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The Meaning Of The Ghost In Hamlet By Shakespeare

798 words - 3 pages

In traditional and modern, ghost reflects death and fear, and it never change. In Hamlet, the ghost is a symbol of Hamlet’s father who is killed by Claudius. Its propose is to demand Hamlet to avenge its death. Although the ghost only appears three times in front of Hamlet, it is a specify role to develop the whole story and plot. Through Hamlet, the ghost is the motive to make Hamlet kill Claudius, and the ghost plays a critical role to influence Hamlet.
In the act 1, sense 1, the appearance of ghost implicated that something would be happening in Denmark and created interest and caution to audience and Horatio. Ghost always represents horror and fear nowadays, and people think that ghost maybe has unfinished hope before death or revenge for somebody. In the Shakespeare world, ghost shows up in somewhere, where it’s not supposed to be. That means that there is someone else, especially in western culture. Horatio said, “has the ghost appeared again tonight” (1.1 21), and “it will not appear” (1.1 29). Horatio was educated, so he didn’t believe that. On the other hand, Bernardo and Marcellus believed the ghost was real and tried to prove it. Through the conversion and background between Horatio and officers, the plot creates the suspense and question to audience. Does the ghost really exist? Meanwhile, the audiences feel curious about the ghost.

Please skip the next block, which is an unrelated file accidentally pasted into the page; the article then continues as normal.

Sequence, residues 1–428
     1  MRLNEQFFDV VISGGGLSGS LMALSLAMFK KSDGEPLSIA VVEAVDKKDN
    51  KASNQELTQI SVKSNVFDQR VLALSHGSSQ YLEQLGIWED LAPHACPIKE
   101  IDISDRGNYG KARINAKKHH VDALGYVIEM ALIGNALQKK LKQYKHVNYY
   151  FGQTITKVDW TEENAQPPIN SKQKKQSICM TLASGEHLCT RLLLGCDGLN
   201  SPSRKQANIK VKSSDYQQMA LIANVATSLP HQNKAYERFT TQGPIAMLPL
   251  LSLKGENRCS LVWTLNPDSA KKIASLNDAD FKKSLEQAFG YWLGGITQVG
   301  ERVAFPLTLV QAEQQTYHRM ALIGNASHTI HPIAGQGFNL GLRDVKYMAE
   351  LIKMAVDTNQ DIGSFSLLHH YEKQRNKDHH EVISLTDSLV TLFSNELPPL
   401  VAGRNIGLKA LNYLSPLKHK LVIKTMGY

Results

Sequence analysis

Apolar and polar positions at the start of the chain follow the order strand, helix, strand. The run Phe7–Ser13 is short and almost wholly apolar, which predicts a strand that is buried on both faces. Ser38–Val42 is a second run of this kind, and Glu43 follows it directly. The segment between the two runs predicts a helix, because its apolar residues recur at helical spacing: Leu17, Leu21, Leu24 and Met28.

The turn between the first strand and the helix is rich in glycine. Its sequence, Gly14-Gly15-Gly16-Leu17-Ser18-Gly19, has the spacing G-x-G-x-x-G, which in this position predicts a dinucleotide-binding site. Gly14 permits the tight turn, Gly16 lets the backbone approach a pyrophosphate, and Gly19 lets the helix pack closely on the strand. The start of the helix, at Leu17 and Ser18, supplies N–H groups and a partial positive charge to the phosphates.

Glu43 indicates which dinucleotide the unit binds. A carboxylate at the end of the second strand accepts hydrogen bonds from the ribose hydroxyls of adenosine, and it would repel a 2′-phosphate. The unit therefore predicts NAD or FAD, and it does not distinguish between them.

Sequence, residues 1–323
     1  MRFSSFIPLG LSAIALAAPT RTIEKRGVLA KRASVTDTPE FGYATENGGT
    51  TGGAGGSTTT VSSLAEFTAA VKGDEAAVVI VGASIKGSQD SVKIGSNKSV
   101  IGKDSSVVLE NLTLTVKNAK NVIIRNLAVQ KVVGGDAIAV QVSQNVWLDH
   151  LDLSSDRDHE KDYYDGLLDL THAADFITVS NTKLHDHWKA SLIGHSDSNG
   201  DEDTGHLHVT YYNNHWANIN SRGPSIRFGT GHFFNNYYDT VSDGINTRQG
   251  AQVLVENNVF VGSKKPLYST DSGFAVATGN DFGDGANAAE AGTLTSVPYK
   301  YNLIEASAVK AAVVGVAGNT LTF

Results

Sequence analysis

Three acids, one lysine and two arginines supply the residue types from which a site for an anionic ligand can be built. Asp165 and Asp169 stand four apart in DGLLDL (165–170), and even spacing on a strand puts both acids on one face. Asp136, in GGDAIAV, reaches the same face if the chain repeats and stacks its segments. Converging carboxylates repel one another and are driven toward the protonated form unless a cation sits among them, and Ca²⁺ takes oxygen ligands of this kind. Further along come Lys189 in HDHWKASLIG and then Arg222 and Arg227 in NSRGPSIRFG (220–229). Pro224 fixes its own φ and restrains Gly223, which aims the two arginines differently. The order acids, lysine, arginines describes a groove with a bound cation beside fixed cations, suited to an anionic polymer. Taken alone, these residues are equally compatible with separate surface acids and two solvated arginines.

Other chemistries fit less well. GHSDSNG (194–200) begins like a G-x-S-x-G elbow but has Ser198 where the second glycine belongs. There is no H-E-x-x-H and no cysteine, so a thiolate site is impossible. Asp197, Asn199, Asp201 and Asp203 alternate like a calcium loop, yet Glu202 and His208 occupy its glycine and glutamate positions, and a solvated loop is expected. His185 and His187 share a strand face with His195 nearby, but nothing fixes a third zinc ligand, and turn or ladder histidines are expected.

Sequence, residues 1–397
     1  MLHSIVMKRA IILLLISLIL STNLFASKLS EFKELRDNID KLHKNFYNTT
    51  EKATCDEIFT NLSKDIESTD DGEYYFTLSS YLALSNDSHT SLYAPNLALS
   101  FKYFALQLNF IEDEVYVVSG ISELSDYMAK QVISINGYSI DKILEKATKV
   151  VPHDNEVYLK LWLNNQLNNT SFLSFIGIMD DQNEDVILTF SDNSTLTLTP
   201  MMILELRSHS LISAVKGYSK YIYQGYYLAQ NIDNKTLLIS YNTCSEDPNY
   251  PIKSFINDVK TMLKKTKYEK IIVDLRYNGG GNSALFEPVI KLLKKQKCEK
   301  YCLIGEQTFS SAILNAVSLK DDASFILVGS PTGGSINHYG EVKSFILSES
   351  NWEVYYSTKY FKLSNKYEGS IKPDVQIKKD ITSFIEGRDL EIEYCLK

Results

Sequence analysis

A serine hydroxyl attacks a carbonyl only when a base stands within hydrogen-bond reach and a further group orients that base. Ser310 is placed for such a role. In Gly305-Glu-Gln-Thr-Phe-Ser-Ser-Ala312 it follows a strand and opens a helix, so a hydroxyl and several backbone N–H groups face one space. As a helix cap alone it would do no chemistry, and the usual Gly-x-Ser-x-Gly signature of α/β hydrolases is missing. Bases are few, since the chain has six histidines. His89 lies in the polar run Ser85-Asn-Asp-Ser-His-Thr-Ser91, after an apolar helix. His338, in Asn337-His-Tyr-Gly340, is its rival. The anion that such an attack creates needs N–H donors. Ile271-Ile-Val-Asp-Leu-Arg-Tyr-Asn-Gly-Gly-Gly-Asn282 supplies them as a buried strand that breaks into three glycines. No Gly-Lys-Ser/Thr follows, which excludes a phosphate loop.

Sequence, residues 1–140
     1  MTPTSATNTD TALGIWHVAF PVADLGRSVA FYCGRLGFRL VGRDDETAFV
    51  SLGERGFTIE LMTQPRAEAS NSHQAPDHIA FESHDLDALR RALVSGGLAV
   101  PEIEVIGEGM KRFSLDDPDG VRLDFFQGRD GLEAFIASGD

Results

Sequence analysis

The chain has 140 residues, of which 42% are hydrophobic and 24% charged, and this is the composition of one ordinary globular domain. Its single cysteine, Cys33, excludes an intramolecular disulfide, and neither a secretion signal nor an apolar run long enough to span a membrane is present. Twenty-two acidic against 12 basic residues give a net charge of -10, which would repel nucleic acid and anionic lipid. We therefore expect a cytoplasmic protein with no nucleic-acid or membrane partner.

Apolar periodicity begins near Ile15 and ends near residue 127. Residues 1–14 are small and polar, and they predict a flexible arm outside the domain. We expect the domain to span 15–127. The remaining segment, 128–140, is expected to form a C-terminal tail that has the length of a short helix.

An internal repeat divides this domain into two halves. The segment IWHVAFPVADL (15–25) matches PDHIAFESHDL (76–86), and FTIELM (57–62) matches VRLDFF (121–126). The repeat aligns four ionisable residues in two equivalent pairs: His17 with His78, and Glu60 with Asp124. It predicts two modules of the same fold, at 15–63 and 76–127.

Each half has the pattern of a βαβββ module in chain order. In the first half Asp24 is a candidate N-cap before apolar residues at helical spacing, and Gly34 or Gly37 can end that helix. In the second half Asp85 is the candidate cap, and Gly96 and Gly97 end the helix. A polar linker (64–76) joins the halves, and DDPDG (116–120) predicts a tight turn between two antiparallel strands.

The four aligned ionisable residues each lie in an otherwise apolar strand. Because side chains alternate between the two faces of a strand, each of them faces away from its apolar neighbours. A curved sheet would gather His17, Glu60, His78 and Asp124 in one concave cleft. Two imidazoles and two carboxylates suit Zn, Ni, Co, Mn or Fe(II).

Thus, the first appearance of ghost in front of hamlet is a huge impact and sets the action in motion for the entire plot. The appearance becomes the most important scene in the play. To Hamlet, Hamlet really admired his father, and his father’s death entirely affected his emotion and life. As Hamlet knew that the ghost was the symbol of his father and the unnatural murder. The nightmare encouraged him to avenge his father’s death. The ghost said, “revenge his foul and most unnatural murder” (1.5 25). The ghost emphasis that revenge was a correct choice for of the present king and the murder was a foul mistake. Also, the ghost explained conspiracy to Hamlet:
I find thee apt; And duller shouldst thou be than the fat weed That roots itself in ease on Lethe wharf, Wouldst thou not stir in this. Now, Hamlet, hear: 'Tis given out that, sleeping in my orchard, A serpent stung me; so the whole ear of Denmark Is by a forged process of my...

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